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Resolving the complexities of the tumor microenvironment (TME) is necessary for a comprehensive understanding of cancer biology. For example, while breast cancer is well studied, open questions remain, including why some ductal carcinomas in situ (DCIS) progress to invasive carcinoma and some do not. Combining advanced genomic and spatial biology techniques represents a new paradigm in TME analysis. It holds enormous promise to create comprehensive, high-resolution maps of various cancerous tumors—ultimately leading to potential new therapeutic targets.

Join us for this GEN webinar, where our distinguished speakers, Dr. Morgane Rouault and Dr. Robert Shelansky, will tell us more about a recent study using three complementary genomics technologies, Chromium Single Cell, Visium Spatial, and Xenium In Situ, to explore the biology of a single, breast cancer patient-derived, FFPE tissue block. Xenium In Situ is a new technology for the subcellular analysis of hundreds of RNA targets in a single tissue section. Our presenters will also describe how combining single-cell, spatial, and in situ data provided insights into molecularly distinct DCIS regions and identified new biomarkers for distinguishing breast tumor subtypes.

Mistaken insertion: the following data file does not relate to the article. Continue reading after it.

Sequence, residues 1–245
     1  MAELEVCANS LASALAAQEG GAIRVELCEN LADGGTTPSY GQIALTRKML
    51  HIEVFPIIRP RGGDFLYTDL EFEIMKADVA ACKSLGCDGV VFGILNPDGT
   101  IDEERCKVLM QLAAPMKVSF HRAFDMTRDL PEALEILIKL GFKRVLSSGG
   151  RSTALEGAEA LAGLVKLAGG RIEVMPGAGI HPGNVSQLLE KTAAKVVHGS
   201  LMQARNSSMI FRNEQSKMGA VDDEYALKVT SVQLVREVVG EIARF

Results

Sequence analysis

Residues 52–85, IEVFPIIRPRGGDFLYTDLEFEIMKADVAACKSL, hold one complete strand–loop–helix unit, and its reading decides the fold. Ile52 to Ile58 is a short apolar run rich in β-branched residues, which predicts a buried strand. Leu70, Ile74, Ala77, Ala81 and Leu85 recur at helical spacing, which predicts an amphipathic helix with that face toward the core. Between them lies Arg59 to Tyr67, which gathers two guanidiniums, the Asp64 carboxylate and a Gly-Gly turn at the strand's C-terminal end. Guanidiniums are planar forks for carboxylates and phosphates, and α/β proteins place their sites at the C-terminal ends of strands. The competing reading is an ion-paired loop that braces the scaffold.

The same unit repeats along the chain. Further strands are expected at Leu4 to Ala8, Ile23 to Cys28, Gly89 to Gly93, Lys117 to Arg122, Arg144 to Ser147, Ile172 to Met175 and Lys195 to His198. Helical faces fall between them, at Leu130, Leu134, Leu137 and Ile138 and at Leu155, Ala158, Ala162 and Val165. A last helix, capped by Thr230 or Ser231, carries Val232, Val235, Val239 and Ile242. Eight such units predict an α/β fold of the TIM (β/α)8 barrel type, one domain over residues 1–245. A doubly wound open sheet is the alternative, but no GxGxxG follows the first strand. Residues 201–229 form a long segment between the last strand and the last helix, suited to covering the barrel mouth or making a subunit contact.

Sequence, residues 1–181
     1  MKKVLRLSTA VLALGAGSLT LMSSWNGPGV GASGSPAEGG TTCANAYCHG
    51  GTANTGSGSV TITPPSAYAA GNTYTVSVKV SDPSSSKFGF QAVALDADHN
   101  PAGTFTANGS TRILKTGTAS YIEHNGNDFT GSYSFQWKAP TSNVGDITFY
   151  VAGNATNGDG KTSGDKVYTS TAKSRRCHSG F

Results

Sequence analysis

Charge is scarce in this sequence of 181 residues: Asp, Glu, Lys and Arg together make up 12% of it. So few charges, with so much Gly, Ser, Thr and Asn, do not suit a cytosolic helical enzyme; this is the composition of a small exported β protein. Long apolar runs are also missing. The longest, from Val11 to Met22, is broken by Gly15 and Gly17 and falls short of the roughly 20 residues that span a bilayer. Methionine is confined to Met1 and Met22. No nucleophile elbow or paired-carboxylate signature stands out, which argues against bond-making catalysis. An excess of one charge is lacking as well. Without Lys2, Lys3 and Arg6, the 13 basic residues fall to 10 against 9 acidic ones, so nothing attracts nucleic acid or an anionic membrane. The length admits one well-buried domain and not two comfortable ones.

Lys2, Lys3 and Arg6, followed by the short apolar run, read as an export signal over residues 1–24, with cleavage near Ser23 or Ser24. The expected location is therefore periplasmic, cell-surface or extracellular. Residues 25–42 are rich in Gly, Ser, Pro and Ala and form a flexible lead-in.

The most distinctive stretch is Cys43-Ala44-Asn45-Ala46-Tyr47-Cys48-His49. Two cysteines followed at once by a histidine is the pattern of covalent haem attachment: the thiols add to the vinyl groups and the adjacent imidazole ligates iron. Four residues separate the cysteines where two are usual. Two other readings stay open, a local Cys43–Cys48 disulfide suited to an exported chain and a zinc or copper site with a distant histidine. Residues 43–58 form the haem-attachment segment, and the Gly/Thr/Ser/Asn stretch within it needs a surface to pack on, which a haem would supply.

A live Q&A session followed the presentation, offering a chance to pose questions to our expert panelists.

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Morgane Rouault
Morgane Rouault, PhD
Staff Scientist, Applications
10x Genomics
Robert Shelansky
Robert Shelansky, PhD
Computational Biologist
10x Genomics